We have also coordinated a nationwide delivery of pet food, generously supported by corporate donations, via our Pets for Life program, Rural Area Veterinary Services and Shelter Partners networks. Through our local community partners, we’ve facilitated the distribution of over 2.6 million pounds of pet food to people and pets in need. And, despite the challenges presented by the pandemic for veterinary service providers, we’ve continued to support and work with our veterinary partners to provide spay/neuter services and other medical care to families through Pets for Life, RAVS and Spayathon.
The pandemic created many challenges for families, including caring for pets, and communities are coming together to help animals and animal lovers alike. Here are some ways you can help:
- Ask your local animal shelter or rescue group how you can become involved in supporting the community. This may be by volunteering, donating or fostering. We have historically seen higher numbers of kittens throughout the spring and summer. If your local shelter is seeing this spike, consider fostering!
- Homeless pets are not the only ones who benefit from a temporary spot in your home. Consider temporary fostering of someone else’s pet in need. Whether owners are searching for pet-friendly housing or need to undergo a medical procedure, temporary foster care can be a lifeline to reunification.
- Consider donating supplies and pet food, both through your local animal shelter and other agencies like human food banks.
- Advocate for rental assistance and rental forgiveness programs in your community.
Advice from veterinarians on preparing your pet for post-pandemic life
If you’ve been spending lots of time with your animal companions over the past year and are worried about how they’ll transition as you return to work, school or other outside the home activities, check out this webinar from our veterinary affiliate, the Humane Society Veterinary Medical Association. Veterinary behaviorists Dr. Nicholas Dodman and Dr. Susan Krebsbach discuss tips for dealing with potential separation anxiety issues as well as other transitional challenges, such as catching up on puppy socialization, changing dog walking schedules or switching cat feeding times. With a little guidance, we can all make an easy transition back.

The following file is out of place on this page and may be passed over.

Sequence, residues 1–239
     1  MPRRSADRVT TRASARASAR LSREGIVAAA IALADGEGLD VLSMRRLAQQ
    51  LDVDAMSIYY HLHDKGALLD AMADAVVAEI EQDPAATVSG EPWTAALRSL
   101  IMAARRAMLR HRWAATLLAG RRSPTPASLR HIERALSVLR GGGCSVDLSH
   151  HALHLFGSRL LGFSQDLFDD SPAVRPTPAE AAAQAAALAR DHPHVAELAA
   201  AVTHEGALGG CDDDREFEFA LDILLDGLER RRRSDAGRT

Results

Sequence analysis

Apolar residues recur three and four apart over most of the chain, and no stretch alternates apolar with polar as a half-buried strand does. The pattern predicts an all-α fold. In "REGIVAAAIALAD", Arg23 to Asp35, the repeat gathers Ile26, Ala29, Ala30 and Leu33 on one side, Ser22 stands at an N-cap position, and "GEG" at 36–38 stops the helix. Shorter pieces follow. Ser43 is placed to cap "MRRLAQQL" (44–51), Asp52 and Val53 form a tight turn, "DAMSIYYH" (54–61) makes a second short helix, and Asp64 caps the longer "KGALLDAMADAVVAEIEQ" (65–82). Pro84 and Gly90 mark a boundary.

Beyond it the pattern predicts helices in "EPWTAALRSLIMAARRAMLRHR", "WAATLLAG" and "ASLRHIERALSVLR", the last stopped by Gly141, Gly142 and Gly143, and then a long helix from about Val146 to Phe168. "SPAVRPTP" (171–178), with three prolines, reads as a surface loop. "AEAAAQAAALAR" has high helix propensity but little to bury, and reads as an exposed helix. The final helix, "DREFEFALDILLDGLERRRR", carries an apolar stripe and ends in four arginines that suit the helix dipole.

I live in Senior low income housing. I have asked various housing executive directors healthy, able-bodied senior citizens could do short-term fostering of small domestic animals. I said this would certainly help with people battling loneliness and depression. Plus, many needs are met through fostering – veterinary care, food, etc. so it should not create a financial burden on them. I was repeatedly told that it is against state and federal housing rules for this, although I have never found anything in their policies regarding fostering, just pet ownership. It would also benfit more shelters by allowing more space obviously.
I thank is an awesome idea! And the residence of these places can also have a chore list drawn up to take care of the regular maintenance of these animals so it would not be left to the individual residents to take care of things that they can’t take care of very well like potty boxes or taking out the trash like that or feeding them so I think it would be a great idea
It is incredibly difficult to get even well pet appointments. I’ve searched long and hard for help.
So far, no luck! Even the humane society is backed up for months.